kdialog --radiolist

Miscellanea dialogs

Last but not least this set of miscellanea dialogs can be useful for several and not common situations.

For instance, to get a number between 1 and 100, a slider can be the right solution:

$ kdialog --slider "Choice a number" 0 100 10

kdialog --slider

kdialog --slider

The option accepted are in the order: a title, the minimum value, the maximum value and the step from a number to another using the arrow key. Be aware that it’s still possible to select a number between two steps using the mouse pointer.

To request a date there is the calendar dialog, which returns the format: weekday name, month name, day of the month, year (%a %b %d %Y):

$ kdialog --calendar 'Enter your birthday' --title 'Insert the date'

kdialog --calendar

kdialog --calendar

We can simply get a color using the getcolor dialog:

$ kdialog --getcolor --format 'Red: %3d, Green: %3d, Blue: %3d' --title 'Choice a color' --default '#55AAFF'

kdialog --getcolor

kdialog --getcolor

The –format switch is optional and defaults to #%2x%2x%2x, for a decimal format just use %3d as in the example above. The default color can be specified by the –default switch followed by the related HTML format.

The last dialog to show is geticon which lists only the icons in the current theme, belonging to a certain group and context when specified.

$ kdialog --geticon Applications

The group of an icon refers to the place it’s shown:

  • Desktop
  • Toolbar
  • MainToolbar
  • Small
  • Panel
  • Dialog
  • User

While the context refers to the type of the icon:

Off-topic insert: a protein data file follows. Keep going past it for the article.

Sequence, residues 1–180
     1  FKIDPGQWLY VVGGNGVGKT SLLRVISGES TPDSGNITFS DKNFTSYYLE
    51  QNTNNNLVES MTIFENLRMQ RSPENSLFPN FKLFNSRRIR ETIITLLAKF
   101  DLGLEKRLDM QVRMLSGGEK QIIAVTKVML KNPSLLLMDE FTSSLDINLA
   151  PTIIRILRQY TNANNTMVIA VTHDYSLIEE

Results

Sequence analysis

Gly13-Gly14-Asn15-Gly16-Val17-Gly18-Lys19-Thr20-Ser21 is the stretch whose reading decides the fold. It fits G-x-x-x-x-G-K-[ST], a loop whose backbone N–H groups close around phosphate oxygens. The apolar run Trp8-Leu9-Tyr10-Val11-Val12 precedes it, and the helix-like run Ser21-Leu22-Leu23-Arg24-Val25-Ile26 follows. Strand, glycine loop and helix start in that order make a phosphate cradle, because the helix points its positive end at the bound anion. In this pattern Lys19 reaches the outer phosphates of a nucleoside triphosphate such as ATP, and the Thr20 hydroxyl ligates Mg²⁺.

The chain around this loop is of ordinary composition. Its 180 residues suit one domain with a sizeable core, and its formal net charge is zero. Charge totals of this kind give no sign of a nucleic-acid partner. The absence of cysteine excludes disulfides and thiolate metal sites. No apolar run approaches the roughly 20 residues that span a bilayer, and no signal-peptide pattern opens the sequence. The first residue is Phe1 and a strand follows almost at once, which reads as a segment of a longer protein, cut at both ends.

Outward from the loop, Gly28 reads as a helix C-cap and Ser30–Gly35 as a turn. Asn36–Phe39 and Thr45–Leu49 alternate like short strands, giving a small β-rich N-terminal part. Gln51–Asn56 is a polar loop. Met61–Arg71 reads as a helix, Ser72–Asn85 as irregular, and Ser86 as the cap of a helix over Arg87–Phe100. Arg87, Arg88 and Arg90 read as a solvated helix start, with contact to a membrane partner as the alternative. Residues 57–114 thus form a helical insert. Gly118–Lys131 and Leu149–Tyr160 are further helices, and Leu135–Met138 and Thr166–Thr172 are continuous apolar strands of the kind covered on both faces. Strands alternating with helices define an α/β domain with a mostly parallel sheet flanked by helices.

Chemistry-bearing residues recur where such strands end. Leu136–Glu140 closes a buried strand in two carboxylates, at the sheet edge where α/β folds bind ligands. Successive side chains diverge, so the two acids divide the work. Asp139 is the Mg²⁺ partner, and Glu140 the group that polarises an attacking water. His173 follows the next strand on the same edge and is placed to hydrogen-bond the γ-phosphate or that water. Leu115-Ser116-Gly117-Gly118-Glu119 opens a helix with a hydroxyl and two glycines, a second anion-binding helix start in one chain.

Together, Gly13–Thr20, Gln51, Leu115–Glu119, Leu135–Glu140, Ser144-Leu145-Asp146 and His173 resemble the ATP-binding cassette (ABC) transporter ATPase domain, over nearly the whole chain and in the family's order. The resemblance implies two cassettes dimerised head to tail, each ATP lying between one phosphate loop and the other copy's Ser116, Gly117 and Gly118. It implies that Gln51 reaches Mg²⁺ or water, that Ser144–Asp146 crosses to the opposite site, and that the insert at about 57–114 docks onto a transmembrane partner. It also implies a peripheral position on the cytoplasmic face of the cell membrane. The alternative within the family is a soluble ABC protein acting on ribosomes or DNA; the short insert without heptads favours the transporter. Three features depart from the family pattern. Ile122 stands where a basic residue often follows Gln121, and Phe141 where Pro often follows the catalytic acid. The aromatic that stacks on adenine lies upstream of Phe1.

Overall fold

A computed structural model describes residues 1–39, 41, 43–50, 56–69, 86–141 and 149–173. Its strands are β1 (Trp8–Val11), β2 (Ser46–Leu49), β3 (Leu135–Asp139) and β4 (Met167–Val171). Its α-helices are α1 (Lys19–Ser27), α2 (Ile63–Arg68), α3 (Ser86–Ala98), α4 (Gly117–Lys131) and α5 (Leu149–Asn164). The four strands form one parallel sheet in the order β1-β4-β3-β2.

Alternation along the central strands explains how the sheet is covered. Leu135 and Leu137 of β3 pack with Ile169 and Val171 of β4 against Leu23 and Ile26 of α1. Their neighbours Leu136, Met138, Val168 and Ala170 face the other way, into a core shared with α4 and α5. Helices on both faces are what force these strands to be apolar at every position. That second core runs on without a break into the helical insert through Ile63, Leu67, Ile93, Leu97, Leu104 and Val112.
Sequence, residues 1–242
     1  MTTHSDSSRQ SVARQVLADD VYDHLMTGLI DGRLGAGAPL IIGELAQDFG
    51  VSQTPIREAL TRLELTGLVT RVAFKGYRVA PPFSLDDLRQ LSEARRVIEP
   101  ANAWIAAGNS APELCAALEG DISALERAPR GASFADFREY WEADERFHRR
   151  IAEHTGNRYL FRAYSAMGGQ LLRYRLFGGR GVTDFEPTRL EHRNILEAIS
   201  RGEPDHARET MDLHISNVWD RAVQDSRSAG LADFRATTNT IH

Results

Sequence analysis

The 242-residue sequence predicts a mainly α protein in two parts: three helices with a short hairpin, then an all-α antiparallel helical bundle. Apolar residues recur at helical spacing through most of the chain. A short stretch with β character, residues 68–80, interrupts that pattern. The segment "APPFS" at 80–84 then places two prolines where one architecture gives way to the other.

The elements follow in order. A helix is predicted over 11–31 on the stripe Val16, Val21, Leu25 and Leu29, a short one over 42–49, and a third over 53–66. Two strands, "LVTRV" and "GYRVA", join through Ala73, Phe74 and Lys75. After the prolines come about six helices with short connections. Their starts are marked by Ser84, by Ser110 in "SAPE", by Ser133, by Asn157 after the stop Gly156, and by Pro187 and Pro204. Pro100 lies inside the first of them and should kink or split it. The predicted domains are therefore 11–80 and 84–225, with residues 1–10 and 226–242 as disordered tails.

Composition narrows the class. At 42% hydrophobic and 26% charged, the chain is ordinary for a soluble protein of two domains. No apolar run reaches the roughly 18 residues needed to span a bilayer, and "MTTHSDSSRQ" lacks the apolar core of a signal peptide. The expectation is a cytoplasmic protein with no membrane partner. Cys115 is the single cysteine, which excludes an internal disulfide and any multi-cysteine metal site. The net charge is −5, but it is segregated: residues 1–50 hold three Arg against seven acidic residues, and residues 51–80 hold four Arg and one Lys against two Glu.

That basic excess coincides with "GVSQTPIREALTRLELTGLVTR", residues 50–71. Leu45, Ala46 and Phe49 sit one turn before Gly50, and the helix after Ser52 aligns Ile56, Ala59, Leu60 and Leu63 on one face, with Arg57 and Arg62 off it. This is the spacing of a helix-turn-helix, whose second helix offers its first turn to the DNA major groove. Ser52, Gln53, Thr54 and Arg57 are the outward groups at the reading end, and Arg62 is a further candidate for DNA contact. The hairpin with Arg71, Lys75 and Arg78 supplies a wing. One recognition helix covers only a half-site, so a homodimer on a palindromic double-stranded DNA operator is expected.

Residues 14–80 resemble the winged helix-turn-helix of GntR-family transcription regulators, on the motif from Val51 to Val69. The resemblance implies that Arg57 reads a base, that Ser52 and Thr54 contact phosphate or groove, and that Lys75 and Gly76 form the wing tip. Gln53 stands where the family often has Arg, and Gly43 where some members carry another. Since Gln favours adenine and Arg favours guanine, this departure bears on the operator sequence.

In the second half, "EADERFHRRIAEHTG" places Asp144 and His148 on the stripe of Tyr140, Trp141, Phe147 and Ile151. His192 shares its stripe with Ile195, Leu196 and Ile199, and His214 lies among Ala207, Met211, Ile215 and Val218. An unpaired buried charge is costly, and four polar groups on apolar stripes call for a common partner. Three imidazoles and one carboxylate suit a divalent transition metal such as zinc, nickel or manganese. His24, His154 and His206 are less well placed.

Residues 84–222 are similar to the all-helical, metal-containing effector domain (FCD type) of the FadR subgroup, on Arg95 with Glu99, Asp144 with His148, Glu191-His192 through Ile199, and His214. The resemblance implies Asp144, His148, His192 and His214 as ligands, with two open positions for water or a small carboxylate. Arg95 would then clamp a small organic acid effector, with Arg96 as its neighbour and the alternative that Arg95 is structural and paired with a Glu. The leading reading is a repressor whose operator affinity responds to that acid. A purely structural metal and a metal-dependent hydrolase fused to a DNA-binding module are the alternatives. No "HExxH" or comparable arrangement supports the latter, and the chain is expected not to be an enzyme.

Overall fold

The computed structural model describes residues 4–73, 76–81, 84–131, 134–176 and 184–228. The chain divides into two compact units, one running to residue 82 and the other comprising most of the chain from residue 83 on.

• Action
  • Application
  • Device
  • FileSystem
  • MimeType
  • Animation
  • Category
  • Emblem
  • Emote
  • International
  • Place
  • StatusIcon

    kdialog --geticon

kdialog --geticon

For some reason my version of Kdialog ignores completely the group and consider the context as the first parameter only, probably something will be fixed in the next releases.

All the dialogs shown use the same mechanism seen in the second part to communicate the button clicked (exit status) and the input captured (standard output), so in this last example I will just show a small game with dates:

date=`LANG=en_US.UTF-8 kdialog --calendar "Choice a day"`

if [ $? -eq 0 ]; then
  day_of_year=`date --date "$date" +'%j'`
  week_of_year=`date --date "$date" +'%W'`

  kdialog --msgbox "The selected date is the ${day_of_year##+(0)}th day of year and belongs to the ${week_of_year##+(0)}th week of the year"

The script uses the date command to reformat the output from calendar, printing the day of the year and the week of the year and shows how kdialog works well with the other CLI applications usually installed.

Final thoughts

The long list of Kdialog’s dialog is finally ended up, with that simple command-line application and some line of Bash code, useful system scripts can be written to achieve basic or advanced tasks without involving more complex programming languages.

For more info the KDE tech base includes good references.